I’m currently reading an excellent and uplifting book by atheist Alain de Botton called:
And in the spirit of giving stuff away, I will send a copy free – no matter where you are in the world – to the first five atheist letter writers who can suggest an element of religion or spirituality which secular humanists might benefit from within their own organisation, and why – as this exact subject is the theme of this very book.
This is a book which is going to be around for quite a while – I think it will become a classic. So get writing, and prepare to start reading!
A day later, we have our first winner, Brock Haussamen from Living as Meaning:
Hi Iain,What secular humanists and their organizations might gain from an element of religion or spirituality.As I have gone to church willingly but not regularly with my Episcopalian wife, several items come to mind. There is much to be said for a church or other congregation as a human community. As a group that is not family, is not work-related, and, in suburbia, is not even entirely local, a congregation can be refreshing company.Both friendships and enmities take place there, of course, but the occasion of worship (more than the dogma and much of the ritual) leaves room for people to think about and converse about suffering, awe, nature, music, the due processes of dying, milestones of birth and marriage, the nature of community, and more.I also like the literacy of services, hearing the discussions of words and meanings, having the chance to browse through the bible to read some old stories that are well told–as I tune out the supernaturalism and the sin. Religion is a human endeavor, at its best perhaps when members of long-running congregations come together to be with each other and not just strictly for “business.” That is a benefit any organization could learn from.Brock HaussamenLiving as Meaning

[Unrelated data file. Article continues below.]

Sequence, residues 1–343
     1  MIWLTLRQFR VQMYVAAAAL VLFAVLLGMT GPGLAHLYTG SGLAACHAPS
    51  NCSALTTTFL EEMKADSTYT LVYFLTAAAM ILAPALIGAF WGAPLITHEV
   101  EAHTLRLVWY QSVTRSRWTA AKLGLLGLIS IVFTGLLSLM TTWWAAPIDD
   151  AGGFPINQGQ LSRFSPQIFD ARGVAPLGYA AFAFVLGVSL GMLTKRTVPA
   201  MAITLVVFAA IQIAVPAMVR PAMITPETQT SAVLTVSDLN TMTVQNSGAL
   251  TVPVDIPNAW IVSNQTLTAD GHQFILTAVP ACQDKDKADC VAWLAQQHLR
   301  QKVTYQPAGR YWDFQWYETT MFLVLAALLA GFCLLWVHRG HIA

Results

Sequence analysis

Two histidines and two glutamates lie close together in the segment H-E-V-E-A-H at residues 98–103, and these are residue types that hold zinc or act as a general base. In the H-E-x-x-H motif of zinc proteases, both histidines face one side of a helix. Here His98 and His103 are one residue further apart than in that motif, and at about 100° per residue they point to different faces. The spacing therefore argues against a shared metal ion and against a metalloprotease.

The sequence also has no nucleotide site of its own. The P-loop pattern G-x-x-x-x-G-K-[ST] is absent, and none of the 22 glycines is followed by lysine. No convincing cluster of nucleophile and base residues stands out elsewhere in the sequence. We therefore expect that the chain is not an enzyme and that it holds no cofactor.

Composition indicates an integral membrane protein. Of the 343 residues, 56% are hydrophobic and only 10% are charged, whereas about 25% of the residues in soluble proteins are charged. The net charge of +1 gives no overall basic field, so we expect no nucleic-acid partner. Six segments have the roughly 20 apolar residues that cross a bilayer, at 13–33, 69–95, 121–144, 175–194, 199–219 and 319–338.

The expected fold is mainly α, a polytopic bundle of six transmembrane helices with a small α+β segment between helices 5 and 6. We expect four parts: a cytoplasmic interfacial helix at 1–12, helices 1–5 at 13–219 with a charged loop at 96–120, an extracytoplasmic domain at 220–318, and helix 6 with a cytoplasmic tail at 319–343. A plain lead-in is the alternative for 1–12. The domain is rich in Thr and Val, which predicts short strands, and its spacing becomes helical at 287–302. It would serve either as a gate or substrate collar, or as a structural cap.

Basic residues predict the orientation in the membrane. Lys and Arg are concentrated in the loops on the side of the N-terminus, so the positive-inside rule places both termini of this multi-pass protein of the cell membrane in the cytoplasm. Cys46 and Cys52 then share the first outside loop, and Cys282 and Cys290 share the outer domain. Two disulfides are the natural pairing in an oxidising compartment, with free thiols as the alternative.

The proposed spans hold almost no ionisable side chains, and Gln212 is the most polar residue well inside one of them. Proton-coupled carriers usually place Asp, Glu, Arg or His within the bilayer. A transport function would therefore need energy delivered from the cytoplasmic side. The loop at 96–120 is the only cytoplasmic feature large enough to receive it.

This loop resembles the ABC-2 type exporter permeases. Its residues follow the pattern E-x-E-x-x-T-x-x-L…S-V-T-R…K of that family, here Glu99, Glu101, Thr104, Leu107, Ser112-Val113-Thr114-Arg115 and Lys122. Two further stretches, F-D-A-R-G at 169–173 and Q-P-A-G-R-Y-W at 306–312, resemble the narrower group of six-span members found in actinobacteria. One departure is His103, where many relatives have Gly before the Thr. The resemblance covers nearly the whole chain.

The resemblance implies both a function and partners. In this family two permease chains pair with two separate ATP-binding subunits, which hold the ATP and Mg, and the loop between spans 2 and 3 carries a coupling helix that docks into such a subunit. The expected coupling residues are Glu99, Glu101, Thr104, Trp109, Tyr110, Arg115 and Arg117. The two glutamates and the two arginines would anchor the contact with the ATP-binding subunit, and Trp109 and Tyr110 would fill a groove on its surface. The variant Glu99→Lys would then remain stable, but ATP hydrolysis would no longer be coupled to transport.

Now maybe Brock’s point is that religion produces excellent wives, but all the other stuff he mentions is good too. This must be an atheism even God would be pleased with – so book number one is winging its way to Secular City!
Well, that was the only reply – so that’s the end of that offer. Now that I’ve read the whole book I can say it does contain excellent observations about the lack of depth in secular life, in its trite, meaningless and pathetically drab colours. It opens with an awful anecdote about de Botton’s parents lambasting his 8 year old sister about her belief in God – an appalling, arrogant couple they seem, mocking any children whose cherished beliefs do not coincide with theirs. And de Botton himself claims that there is still some satisfaction in ridiculing the faithful for their belief in God.
But once he navigates past this poisonous formative atmosphere – itself a terrible indictment of secular family life – de Botton steers the reader to a world of insight into the cohesion which religious ideas lend to human life. I learned much about religion, and all of it was good; I agreed wholeheartedly with the wretched ugliness of modern life and its infuriating distractions. How ironic it is, he says, that only in the age of the Blackberry do we realise why monasteries were created, and that a society priding itself on an overabundance of information, no longer has the capacity to concentrate on any of it for long. Society even becomes an accomplice to our ignorance, as it presents us each day with a new load forcing us to jettison all the drama pushed on us as urgent news only the day before. As he points out, there has been no news in the field of Buddhism for 2,500 years, yet worldwide scrutiny of it continues in depth.
At one point, de Botton considers whether ugly surroundings are actually harmful to the soul – a loaded question few secularists would admit to wondering about. The drab, neglected state of the community hall is ironically, he notes, evidence of the indavisability of being part of such a community. His views on art are reassuringly revolutionary: art galleries organise their content according to the education of the critics, when they should be classifying works according to the emotional impact they will have on us.
All in all, a thought provoking book. Happy reading, Mr Haussamen!